Members of a militia group in Baghdad's impoverished area of Sadr City have agreed to give up their fight against Iraqi and coalition forces and lay down their weapons. The militants will start handing their weapons over to Iraqi police within 48 hours.
According to senior interim Iraqi government officials, Shiite cleric Moqtada al-Sadr's Mehdi militia will begin voluntarily handing over medium and heavy weapons to Iraqi police beginning Monday. The militia will also hand over control of Sadr City streets to Iraqi police.
The Baghdad slum has been the site of recent clashes between militia members and Iraqi and coalition forces. The U.S. military has staged several precision air strikes in an effort to hunt down known insurgents in Sadr City.
A senior official with Iraq's Interior Ministry said if the Mehdi militia disarms, it could help set the stage for similar arrangements in as many as 30 other Iraqi towns where insurgents have seized control, including in the rebellious city of Fallujah, west of Baghdad.
Mehdi militia mediator Karim al-Bakhati said Saturday there will be a five-day grace period while the weapons are handed over.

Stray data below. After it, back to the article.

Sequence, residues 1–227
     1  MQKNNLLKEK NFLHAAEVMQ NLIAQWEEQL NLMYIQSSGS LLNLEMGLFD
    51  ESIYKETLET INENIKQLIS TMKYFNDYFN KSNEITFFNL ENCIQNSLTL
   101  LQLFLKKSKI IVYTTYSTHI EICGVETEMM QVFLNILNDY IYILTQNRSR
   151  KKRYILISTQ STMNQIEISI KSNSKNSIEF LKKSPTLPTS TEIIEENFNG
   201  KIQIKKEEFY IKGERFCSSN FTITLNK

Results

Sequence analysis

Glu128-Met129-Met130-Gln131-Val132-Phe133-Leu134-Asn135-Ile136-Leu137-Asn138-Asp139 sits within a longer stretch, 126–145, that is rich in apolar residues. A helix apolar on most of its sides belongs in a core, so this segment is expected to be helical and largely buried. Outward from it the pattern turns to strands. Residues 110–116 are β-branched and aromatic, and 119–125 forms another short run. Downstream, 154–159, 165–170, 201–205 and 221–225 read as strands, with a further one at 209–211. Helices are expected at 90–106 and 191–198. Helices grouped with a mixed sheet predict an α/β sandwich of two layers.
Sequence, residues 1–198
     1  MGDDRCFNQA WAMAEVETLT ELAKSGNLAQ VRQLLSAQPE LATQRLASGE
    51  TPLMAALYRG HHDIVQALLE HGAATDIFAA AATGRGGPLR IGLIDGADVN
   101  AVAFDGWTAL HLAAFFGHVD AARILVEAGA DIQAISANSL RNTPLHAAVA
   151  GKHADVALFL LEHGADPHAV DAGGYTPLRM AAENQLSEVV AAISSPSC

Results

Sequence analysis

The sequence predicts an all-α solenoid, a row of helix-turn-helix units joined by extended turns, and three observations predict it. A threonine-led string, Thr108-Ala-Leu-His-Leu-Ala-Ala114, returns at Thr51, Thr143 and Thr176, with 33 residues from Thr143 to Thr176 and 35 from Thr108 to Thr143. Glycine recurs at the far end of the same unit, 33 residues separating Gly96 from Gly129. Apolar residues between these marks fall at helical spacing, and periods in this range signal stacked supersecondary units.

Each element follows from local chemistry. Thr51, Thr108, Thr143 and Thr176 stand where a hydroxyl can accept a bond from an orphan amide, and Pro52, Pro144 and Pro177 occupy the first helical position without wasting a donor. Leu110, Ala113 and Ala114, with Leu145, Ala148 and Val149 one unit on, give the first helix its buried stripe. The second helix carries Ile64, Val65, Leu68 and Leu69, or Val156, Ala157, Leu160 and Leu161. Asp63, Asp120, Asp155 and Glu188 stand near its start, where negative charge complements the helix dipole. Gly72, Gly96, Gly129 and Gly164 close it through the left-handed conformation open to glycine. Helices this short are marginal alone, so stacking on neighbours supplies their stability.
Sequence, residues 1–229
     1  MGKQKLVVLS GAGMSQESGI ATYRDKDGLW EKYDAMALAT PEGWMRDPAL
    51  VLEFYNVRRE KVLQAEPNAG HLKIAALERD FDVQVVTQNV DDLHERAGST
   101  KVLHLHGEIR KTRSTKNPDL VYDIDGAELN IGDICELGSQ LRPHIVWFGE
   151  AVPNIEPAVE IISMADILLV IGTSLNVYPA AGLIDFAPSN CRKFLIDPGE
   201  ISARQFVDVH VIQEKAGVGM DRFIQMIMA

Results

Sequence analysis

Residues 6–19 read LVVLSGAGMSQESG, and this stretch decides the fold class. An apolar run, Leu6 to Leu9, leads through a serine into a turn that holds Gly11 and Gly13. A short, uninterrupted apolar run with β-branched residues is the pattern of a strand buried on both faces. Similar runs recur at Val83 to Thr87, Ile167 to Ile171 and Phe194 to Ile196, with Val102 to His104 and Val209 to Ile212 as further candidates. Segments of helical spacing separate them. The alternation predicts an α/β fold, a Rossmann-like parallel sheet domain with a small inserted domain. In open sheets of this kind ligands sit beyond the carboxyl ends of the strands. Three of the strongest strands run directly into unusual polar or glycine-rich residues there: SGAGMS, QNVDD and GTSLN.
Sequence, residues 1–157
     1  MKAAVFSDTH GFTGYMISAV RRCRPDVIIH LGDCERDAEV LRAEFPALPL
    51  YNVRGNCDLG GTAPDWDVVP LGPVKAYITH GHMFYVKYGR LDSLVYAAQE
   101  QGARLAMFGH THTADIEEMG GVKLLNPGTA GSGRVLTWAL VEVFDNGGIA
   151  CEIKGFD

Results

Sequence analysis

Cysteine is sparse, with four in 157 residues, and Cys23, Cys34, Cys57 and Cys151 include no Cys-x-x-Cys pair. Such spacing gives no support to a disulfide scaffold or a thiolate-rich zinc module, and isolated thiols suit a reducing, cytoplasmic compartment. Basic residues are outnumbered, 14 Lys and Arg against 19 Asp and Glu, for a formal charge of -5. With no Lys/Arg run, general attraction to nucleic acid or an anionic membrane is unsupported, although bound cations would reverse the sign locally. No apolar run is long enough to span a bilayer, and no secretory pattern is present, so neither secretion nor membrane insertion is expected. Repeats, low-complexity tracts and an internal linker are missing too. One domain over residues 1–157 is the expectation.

According to Iraqi interim Prime Minister Iyad Allawi, the government did not negotiate with the militia, but instead accepted their initiative to disarm and join the political process in Iraq.
Several months ago the prime minister offered amnesty to any armed militia members who had not committed crimes against Iraqis, in return for disarming and joining the political process in Iraq.
The interim government has promised to pave the way for elections in January by reclaiming areas still under the control of insurgents, as had been the case in Sadr City where two million mostly Shiite Muslims live.
Joint operations involving thousands of Iraqi and coalition forces are currently underway in and near the central Iraqi town of Babil.